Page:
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Old 11-30-2012, 07:29 PM   #1
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Hello Pro's

I ripped down the basement sheetrock ceiling in my 1926 house to take a good look at the wiring and also so I can continue with my generator connection project.

I'm seeing something that I am not completely comfortable with and I wanted to get some feedback on if this is OK or not.

My house still has some knob tube hanging around. I've undertaken the project of removing all this old stuff. I can see that my house is a museum of electrical cabling over the century. I have some K/T, I have some, old AC, some newer AC, some older romex, and some newer romex, Heck, I even discovered some gas lighting

So first off, i found buried junction boxes. I know this is a no go. But my main concern here is that a single 14/3 is run into this box. This 14/3 goes to the circuit breaker panel. They took the red hot wire and put that into one 20 amp breaker, then they took the black hot and put that into a different 20 amp breaker. back in the junction box, they shared the neutral between 2 totally different circuits that splice into K/T in the junction box.

This just doesn't seem right to me. Am i wrong in thinking that this is just plain wrong and they are actually sending 40 amps back over the neutral at full load? Also, i dont think K/T is 12 gauge wire, probably more like 14. Wouldn't i want to give each their own 14/2 on separate 15 amp breakers?

Thanks for the input.

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Old 11-30-2012, 07:38 PM   #2
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Common worry among DIY but as long as it is done right what you have is perfectly fine, minus the junction onto the k and t.

When you do this it is called a multi wire branch circuit and you have to make sure your two hots end up on different phases in your panel, this is usually done by putting the two hots together(one on the top of the other). As long as the hots are on different phases the current on the neutral will cancel each other(phase A has 12A and phase B has 14A) so you would have 2A on the neutral. If both hots were on the same phase the neutral current would be additive so in our example you would have 26A.

The easiest way to check to make there they are on two different phases is to measure the voltage at the terminal screws on the breaker. If you measure 240V then they are on seperate phases if it measures 0V then there on the same phase.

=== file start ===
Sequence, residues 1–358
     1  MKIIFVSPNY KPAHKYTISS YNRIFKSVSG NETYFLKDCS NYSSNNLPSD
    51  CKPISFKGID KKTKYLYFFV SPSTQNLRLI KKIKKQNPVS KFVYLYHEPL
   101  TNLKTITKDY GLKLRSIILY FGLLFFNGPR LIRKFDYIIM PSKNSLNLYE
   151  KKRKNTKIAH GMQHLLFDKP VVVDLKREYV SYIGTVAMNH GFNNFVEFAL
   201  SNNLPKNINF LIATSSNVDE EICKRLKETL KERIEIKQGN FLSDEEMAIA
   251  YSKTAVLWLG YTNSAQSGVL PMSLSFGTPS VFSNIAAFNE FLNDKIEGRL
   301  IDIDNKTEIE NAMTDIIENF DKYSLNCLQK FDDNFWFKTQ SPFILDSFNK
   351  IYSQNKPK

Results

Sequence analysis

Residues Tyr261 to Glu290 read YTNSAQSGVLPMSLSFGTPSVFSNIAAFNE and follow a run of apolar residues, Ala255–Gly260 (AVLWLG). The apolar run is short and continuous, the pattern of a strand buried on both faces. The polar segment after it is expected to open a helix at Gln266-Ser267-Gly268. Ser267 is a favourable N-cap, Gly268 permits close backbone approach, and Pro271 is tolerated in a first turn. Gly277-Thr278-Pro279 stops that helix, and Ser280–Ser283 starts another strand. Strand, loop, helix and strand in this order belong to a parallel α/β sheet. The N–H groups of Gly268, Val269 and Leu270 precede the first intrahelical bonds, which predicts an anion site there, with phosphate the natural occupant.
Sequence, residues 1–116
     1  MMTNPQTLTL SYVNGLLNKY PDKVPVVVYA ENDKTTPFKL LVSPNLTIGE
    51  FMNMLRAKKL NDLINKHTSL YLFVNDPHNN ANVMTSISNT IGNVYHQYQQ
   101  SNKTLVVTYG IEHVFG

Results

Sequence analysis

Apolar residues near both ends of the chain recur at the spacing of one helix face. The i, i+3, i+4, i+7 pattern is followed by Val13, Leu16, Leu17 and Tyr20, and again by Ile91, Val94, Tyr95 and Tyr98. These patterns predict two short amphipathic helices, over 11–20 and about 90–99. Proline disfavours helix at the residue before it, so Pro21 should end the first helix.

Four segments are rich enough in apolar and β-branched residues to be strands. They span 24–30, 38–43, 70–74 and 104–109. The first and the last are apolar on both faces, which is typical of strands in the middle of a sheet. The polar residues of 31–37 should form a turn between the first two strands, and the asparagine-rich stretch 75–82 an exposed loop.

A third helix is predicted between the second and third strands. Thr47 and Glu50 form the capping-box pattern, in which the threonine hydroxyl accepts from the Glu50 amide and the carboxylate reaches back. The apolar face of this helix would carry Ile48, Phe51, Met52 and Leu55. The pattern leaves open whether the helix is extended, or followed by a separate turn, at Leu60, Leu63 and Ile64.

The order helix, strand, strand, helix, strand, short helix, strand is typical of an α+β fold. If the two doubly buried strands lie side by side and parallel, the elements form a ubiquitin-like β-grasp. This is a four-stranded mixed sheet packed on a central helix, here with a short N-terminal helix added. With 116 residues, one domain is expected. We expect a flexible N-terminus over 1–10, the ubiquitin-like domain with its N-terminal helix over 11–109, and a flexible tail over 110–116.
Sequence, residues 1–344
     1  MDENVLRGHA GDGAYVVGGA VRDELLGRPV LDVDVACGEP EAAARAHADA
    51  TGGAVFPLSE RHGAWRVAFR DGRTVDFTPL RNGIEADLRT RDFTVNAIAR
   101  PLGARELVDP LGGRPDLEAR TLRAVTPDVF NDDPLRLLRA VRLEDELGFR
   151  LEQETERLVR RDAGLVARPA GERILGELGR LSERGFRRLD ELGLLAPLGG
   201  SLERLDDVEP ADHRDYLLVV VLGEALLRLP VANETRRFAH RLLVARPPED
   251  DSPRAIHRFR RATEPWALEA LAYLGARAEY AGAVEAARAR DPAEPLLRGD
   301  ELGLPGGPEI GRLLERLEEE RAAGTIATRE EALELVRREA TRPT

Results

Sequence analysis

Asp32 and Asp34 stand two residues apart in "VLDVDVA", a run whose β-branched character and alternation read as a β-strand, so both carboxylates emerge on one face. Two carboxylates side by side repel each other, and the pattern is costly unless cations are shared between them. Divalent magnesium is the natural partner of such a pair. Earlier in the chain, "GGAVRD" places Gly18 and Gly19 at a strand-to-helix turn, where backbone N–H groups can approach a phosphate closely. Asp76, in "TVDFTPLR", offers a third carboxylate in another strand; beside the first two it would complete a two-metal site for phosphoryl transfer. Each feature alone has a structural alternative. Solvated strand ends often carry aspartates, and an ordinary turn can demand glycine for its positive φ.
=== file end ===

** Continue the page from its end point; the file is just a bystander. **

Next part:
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Old 11-30-2012, 07:45 PM   #3
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The breakers need to be changed to 15 amp also.
Are you going to remove the K&T now that the drywall is down?
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Old 11-30-2012, 07:45 PM   #4
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Thanks Darren,

You guys on here are the best. I usually post a question and within 10 minutes its answered. I greatly appreciate it! And you are 100% correct. The two breakers are stacked directly on top of each other so they are on different phases.

Great info to know as this will help me going forward with the upgrade now that I understand how to safely do this and check to make sure that I did it properly.
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Old 11-30-2012, 07:49 PM   #5
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The plan is to get rid of all K&T. going to be challenging at some spots. the house is plaster and lathe also, so that doesnt make things any easier. On a side note, is it ok to abandon K&T in place? Getting the wire off the knob can be a real PIA without breaking down the wall.

Edit - The plan is to upgrade all wiring throughout the entire house with new 12 romex. I'm going to use 12 romex even for 15 amp breakers just in case.

Last edited by AdamBNYC; 11-30-2012 at 07:53 PM.
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Old 11-30-2012, 07:52 PM   #6
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Quote:
Originally Posted by AdamBNYC View Post
Thanks Darren,
The two breakers are stacked directly on top of each other so they are on different phases.
Not necessarily, in the majority of panels this is correct. We have one type of panel in Canada where you can put two breakers stacked on top of each other and they will be on the same phase.

Let us know what type of panel you have and we will be able to tell you if you have to worry about something like that.
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Old 11-30-2012, 08:00 PM   #7
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I have a newer seimens panel. was installed 2 years ago.
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Old 11-30-2012, 08:02 PM   #8
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Just to add a little information...

It is legal to refeed knob and tube wiring, but it is not legal to extend it.
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Old 11-30-2012, 10:53 PM   #9
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Yeah, this is what's called a "multi-wire branch circuit". The only thing wrong with yours is the 20A breakers; should be a maximum of 15A for 14 gauge. If you're going to replace them, get a single two-pole breaker instead of two separate breakers.

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